When talking to clients, we often ask what information they are trying to protect on their network. The main answer always boils down to customer Social Security numbers and account numbers. While it’s important to protect these and other “personally identifiable information” on your network, it is imperative to realize that additional company information that is of great value to a hacker could be getting overlooked.
Confidential Business Records
First and foremost, businesses should think about any confidential business records they have. You may not think your Board meeting minutes, or other committee minutes are valuable to a hacker, but they certainly could be! Take for example Board discussions around a recently completed vulnerability assessment, penetration test, or IT audit. As a bad guy, a hacker could use this information to quickly and easily hack your network! These reports would likely show many areas of weakness in your network. Other areas of value to a bad guy might include customer files, trade secrets, operation styles, accounting records, user account information, or even something as simple as an organizational chart. All this information could help build a better profile of your organization to allow easier access to your network.
Consider your employees and how you pay them. Many organizations use a payroll software, like QuickBooks, to generate ACH files. Bad guys have been known to breach a company’s payroll software and make adjustments. They can create new employees and add them to the payroll file. Alternatively, they could adjust the routing or account number of existing employees and funnel the paychecks elsewhere. Typical verification procedures with banks, such as simply confirming file balance amounts, are not enough and would likely allow this type of breach to go unnoticed. You can read more about an example of one such case here: https://www.bankinfosecurity.com/ach-fraud-payroll-hack-drains-217k-a-3980.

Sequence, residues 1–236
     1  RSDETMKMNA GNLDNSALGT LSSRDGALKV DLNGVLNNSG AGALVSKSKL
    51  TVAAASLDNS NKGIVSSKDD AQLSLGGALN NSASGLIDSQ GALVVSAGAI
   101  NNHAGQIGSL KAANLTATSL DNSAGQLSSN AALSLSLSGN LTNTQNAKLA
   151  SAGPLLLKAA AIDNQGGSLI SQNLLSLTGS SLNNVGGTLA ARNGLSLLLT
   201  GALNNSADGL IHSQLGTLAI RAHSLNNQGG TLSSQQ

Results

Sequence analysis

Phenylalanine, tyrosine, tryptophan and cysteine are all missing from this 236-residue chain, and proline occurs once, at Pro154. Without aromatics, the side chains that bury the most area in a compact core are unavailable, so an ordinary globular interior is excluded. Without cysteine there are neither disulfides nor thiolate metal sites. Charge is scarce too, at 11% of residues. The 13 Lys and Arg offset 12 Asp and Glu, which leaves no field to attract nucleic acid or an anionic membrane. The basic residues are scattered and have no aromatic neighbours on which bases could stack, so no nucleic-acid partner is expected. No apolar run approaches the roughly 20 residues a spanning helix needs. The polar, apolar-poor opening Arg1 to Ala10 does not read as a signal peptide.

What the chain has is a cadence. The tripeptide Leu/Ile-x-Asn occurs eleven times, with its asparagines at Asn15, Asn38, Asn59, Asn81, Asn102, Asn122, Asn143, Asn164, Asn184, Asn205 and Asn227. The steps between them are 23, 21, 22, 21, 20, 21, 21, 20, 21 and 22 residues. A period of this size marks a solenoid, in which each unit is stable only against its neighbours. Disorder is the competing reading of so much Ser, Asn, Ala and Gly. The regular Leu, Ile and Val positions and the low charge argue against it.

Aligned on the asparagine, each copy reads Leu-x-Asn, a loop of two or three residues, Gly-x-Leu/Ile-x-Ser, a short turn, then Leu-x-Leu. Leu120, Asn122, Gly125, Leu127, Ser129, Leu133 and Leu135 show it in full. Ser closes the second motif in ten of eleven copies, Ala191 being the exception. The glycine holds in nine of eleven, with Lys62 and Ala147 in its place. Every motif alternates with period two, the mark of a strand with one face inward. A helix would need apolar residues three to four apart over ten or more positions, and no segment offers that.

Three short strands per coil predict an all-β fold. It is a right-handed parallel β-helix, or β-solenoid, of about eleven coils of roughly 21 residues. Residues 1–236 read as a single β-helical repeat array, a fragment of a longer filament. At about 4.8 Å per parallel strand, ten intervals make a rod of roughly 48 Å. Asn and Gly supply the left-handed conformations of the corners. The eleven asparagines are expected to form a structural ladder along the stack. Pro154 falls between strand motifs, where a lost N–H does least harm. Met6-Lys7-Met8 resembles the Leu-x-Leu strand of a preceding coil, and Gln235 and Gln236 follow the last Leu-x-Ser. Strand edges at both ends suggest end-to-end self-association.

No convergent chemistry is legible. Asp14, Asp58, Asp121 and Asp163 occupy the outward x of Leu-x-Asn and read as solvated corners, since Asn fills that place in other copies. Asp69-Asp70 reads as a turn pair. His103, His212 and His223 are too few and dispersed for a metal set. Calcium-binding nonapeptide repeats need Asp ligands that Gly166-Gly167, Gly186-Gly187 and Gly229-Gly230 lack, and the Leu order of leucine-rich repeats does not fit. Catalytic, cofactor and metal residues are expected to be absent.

Human Resource Information
Most businesses have some type of Human Resource department, an area with a treasure trove of valuable employee information that needs to be kept confidential. Not only do we have the obvious, Social Security numbers, but we also have payroll information, length of employment, departmental information and so on. While most Human Resource departments don’t have detailed health insurance information, they do have everything necessary to steal an employee’s identity. Using this information, a hacker could hijack an employee’s medical insurance to commit various kinds of insurance fraud or simply gain access to their Electronic Medical Record (EMR). According to Forbes, an EMR can sell for thousands of dollars on the dark web.
Your Machine Itself
Many nefarious activities perpetrated by hackers require a great deal of processing power. By gaining access to your business network a hacker could hijack your processing power and add your computers to my botnet. Botnets are set up to utilize the power of hacked computers to help the bad guys. Botnets can be used for a variety of activities such as sending mass spam emails, Bitcoin mining, CAPTCHA hacking, or even DDoS attacks. All of these activities are made easier for the hacker by having the processing power of thousands of computers rather than one. This image from Brian Krebs shows many different ways that a hacked PC can be used.
As you can see, even if your business doesn’t store Social Security numbers, your network has a great deal of value to a hacker. It is critically important you take steps to secure your online life and ensure you are not an easy target for hackers. It doesn’t matter if you live in rural South Dakota, or downtown Manhattan you are still on the internet and therefore still a target.
Written by: Jeff Dice
Information Security Consultant - SBS CyberSecurity, LLC
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